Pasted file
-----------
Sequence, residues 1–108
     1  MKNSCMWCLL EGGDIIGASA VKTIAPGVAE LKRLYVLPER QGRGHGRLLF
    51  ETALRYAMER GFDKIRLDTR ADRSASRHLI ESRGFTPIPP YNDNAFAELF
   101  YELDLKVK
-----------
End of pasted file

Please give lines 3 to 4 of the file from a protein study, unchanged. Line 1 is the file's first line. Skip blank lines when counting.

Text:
    51  ETALRYAMER GFDKIRLDTR ADRSASRHLI ESRGFTPIPP YNDNAFAELF
   101  YELDLKVK